Easy to Swallow
A dog's mouth works differently from a human's. For starters, he has 42 teeth and nearly 2,000 taste buds, while a person typically has 32 teeth and as many as 10,000 taste buds. The reason for this reflects a basic difference between species: While we can take our time and enjoy the taste of a meal, getting as much enjoyment from the flavor as from filling our stomachs, a dog generally cannot. Dogs are designed to find food and eat as quickly as possible. Taste is secondary. Also, a dog's teeth are not capable of grinding like people's do so they often swallow their meal whole. The sole focus of the dog's mouth is to get the food down, through the esophagus and into the stomach as quickly and efficiently as it can.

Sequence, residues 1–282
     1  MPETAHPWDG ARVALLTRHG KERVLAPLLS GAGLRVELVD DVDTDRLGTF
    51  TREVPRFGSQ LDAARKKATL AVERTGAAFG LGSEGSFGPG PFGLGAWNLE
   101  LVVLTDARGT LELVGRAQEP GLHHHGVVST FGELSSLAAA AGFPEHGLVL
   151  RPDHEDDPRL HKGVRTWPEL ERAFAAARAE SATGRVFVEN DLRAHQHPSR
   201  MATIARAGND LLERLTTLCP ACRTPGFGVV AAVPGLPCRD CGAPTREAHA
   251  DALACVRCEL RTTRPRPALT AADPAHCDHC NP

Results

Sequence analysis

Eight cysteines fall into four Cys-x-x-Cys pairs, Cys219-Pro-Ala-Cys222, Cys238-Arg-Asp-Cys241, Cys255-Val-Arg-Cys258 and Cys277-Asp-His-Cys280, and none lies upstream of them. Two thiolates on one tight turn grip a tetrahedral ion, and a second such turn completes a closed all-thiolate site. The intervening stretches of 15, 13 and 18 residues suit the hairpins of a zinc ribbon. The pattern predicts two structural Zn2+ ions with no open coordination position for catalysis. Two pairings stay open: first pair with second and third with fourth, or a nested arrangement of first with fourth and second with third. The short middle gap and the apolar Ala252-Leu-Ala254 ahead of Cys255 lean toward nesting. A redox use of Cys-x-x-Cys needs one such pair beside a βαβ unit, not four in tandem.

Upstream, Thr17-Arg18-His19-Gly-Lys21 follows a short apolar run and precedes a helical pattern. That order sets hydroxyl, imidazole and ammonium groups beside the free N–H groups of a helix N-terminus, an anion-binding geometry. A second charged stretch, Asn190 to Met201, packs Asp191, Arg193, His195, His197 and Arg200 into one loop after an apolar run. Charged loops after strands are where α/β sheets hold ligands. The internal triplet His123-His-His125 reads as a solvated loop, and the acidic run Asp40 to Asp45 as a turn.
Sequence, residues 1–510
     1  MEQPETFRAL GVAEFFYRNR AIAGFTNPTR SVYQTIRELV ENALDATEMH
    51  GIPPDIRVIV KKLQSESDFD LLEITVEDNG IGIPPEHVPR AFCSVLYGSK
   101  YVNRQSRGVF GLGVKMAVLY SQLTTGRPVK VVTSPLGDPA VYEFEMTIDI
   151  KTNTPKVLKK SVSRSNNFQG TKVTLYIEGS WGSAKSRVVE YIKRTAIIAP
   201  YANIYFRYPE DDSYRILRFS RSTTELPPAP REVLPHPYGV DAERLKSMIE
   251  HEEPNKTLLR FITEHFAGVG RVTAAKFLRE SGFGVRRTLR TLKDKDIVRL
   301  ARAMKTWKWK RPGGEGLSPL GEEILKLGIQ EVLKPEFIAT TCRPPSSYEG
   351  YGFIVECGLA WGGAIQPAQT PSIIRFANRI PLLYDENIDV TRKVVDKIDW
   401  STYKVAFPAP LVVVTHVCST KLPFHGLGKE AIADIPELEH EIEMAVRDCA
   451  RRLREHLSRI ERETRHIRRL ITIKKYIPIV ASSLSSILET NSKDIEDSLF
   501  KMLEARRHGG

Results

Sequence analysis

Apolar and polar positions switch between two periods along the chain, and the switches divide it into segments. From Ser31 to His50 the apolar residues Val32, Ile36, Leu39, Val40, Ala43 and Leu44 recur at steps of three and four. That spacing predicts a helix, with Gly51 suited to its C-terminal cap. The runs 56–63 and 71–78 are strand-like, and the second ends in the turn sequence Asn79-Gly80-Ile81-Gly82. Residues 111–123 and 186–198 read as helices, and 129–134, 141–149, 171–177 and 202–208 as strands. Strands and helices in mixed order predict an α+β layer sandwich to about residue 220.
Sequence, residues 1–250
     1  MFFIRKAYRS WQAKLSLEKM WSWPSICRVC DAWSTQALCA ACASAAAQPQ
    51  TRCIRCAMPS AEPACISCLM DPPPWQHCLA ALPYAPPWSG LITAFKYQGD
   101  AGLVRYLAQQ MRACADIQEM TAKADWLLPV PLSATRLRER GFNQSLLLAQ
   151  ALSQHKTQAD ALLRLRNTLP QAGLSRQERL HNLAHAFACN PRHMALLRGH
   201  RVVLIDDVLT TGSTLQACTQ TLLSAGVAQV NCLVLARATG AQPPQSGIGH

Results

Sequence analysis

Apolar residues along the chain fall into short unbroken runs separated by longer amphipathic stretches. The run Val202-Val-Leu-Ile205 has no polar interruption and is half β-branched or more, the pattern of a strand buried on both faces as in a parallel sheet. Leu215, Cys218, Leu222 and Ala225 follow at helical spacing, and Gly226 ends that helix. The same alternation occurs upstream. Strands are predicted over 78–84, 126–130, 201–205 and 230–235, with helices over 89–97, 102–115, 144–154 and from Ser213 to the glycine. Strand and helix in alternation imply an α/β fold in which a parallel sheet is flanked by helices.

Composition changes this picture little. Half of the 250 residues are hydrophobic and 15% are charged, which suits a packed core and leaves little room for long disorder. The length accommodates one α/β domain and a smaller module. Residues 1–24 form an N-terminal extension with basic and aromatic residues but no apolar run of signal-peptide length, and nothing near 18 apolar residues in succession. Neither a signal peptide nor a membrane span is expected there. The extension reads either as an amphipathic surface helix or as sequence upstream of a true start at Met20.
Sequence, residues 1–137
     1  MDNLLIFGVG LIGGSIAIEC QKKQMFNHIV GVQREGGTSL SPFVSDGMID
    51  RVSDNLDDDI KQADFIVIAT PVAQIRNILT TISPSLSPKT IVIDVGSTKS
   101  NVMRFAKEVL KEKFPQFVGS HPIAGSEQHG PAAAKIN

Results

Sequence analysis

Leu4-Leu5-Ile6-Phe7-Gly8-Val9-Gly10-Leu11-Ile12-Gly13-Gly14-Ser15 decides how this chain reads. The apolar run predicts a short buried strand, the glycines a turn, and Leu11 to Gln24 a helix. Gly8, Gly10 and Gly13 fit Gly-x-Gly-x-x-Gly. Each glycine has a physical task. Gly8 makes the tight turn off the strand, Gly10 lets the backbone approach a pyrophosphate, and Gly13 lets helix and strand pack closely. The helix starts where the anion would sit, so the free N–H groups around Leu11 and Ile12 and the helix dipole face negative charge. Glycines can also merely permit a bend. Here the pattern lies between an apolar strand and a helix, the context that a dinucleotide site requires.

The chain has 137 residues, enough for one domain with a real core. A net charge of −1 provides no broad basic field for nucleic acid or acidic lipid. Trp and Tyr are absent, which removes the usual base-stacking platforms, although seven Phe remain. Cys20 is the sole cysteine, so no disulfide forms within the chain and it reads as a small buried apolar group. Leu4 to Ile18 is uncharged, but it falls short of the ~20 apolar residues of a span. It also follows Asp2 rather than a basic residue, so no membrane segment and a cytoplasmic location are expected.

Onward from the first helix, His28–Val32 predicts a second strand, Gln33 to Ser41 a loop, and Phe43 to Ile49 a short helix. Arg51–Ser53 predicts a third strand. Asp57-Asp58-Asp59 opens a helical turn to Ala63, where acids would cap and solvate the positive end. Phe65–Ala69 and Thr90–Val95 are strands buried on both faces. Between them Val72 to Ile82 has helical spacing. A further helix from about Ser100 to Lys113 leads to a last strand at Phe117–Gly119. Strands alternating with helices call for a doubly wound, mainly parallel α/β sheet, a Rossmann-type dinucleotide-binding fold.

Hard to Stomach
When people chew food saliva is produced, which contains an enzyme that helps break down food before it gets to the stomach. In dogs, all of the work has to be done in the stomach. The dog's pancreas will begin producing enzymes that will help in breaking down the food; the stomach wall also has glands that produce necessary acids. Since what goes into a dog's stomach can be anything from grass, meat, kibble or bone, the acids must be particularly powerful (in comparison, the acid in a dog's digestion is about three times stronger than in a human's). A dog's stomach will work on breaking down food for roughly eight hours before passing it into the small intestine.
End of the Line
The broken-down food will remain in the small intestine for up to about two days, depending on the meal. Simple food, such as corn, will pass in a matter of a few hours, but bone or more complex material takes quite a bit longer. Whatever remains after the dog's small intestine has done its job, is then processed in a few hours by the large intestine, and moved through the colon. In all, the entire process, from the time a dog bites into his food to the time waste is produced, can take about 10 hours to a couple of days.